This geometric argument relies on definitions of arc length and area, which act as assumptions, so it is rather a condition imposed in construction of trigonometric functions than a provable property.[2] For the sine function, we can handle other values. If θ > π/2, then θ > 1. But sin θ ≤ 1 (because of the Pythagorean identity), so sin θ < θ. So we have

For negative values of θ we have, by the symmetry of the sine function



Identities involving calculus[edit]


Sine and angle ratio identity[edit]

In other words, the function sine is differentiable at 0, and its derivative is 1.

Proof: From the previous inequalities, we have, for small angles




Consider the right-hand inequality. Since

Multiply through by

Combining with the left-hand inequality:

Taking to the limit as


Cosine and angle ratio identity[edit]


The limits of those three quantities are 1, 0, and 1/2, so the resultant limit is zero.

Cosine and square of angle ratio identity[edit]


As in the preceding proof,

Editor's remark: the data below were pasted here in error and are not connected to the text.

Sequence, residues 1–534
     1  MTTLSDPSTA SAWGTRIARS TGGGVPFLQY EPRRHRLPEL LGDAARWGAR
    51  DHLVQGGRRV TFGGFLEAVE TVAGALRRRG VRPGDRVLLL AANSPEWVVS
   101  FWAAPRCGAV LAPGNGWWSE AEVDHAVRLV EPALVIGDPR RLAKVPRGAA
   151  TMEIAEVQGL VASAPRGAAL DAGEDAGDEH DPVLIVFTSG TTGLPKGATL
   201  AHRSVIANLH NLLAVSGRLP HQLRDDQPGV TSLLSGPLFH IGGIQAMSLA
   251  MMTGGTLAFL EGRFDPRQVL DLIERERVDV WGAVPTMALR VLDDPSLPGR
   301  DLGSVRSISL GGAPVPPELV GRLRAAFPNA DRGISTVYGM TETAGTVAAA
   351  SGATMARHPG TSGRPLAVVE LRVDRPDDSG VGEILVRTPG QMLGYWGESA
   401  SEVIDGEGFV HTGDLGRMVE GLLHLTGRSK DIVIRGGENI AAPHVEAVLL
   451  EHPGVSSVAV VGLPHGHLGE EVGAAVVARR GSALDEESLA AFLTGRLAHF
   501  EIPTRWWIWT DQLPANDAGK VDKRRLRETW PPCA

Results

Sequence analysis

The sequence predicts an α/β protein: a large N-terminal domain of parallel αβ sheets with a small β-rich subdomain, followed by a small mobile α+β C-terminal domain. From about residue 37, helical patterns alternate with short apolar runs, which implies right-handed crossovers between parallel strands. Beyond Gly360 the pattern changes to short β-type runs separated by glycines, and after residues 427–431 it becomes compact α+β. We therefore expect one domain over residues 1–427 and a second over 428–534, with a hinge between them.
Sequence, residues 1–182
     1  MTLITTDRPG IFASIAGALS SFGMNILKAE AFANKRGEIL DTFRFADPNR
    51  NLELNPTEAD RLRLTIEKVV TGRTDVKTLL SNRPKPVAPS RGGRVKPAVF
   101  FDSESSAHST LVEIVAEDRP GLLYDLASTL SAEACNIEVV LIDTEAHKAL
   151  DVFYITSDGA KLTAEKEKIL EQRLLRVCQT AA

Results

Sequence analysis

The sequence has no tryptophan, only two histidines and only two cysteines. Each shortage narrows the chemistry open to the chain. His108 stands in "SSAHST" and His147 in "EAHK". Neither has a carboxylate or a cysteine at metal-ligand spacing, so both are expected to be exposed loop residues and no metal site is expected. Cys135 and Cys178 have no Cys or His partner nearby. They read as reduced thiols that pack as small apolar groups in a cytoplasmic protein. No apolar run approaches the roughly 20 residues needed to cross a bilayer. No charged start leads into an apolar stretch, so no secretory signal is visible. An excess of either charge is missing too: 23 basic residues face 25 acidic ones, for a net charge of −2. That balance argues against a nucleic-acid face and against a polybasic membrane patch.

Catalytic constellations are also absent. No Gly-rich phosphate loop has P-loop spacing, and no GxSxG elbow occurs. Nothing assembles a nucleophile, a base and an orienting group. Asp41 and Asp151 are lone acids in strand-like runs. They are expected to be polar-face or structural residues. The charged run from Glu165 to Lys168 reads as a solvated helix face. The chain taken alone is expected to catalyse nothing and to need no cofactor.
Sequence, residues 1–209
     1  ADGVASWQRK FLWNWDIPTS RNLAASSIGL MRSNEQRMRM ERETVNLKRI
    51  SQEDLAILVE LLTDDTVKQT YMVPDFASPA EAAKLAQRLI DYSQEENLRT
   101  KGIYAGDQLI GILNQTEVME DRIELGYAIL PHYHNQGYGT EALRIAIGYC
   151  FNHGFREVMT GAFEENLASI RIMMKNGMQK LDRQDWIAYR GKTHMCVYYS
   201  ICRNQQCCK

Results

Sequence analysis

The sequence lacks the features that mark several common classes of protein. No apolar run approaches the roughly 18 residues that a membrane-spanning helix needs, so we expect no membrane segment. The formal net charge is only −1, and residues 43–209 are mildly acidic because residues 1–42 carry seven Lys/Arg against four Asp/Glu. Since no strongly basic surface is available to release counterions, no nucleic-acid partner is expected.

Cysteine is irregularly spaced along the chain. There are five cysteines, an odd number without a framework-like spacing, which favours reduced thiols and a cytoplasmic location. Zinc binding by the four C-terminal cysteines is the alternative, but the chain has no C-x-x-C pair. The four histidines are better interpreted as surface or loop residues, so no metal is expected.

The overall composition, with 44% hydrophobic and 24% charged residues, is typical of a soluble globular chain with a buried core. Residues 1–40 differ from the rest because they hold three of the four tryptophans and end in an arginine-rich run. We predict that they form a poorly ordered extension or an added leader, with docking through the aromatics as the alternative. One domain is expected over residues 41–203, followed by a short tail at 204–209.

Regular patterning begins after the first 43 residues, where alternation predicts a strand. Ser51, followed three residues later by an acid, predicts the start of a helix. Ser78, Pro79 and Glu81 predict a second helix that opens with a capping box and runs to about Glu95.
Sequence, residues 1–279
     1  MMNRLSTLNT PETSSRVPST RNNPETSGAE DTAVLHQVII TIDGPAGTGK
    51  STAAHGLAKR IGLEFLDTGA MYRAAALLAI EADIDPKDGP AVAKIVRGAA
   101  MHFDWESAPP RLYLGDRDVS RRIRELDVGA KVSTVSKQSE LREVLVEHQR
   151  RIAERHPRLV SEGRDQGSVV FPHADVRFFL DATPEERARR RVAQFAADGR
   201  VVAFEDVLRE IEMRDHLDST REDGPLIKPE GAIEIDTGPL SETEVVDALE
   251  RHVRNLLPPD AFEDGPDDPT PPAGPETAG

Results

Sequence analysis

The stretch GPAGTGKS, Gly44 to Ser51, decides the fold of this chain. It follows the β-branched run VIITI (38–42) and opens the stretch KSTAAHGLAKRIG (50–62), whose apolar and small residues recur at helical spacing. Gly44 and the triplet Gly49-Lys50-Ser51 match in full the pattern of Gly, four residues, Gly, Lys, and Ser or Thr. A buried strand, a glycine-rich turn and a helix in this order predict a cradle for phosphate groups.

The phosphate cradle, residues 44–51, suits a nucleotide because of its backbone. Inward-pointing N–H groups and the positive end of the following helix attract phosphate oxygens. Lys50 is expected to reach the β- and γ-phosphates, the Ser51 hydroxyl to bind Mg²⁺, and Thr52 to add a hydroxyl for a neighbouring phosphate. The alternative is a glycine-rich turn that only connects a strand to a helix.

The limits of those three quantities are 1, 1, and 1/2, so the resultant limit is 1/2.

Proof of compositions of trig and inverse trig functions[edit]

All these functions follow from the Pythagorean trigonometric identity. We can prove for instance the function


We start from


Then we divide this equation (I) by


Then use the substitution :

Then we use the identity


And initial Pythagorean trigonometric identity proofed...

Similarly if we divide this equation (I) by


Then use the substitution :

Then we use the identity


And initial Pythagorean trigonometric identity proofed...


Let we guess that we have to prove:


Replacing (V) into (IV) :

So it's true: and guessing statement was true:

Now y can be written as x ; and we have [arcsin] expressed through [arctan]...

Similarly if we seek :...

From :...

And finally we have [arccos] expressed through [arctan]...

See also[edit]


  1. ^ "Tangent Identity | Math 老师". Archived from the original on 2013-10-29. Retrieved 2013-10-30. dead link
  2. ^ Richman, Fred (March 1993). "A Circular Argument". The College Mathematics Journal. 24 (2): 160–162. doi:10.2307/2686787. JSTOR 2686787.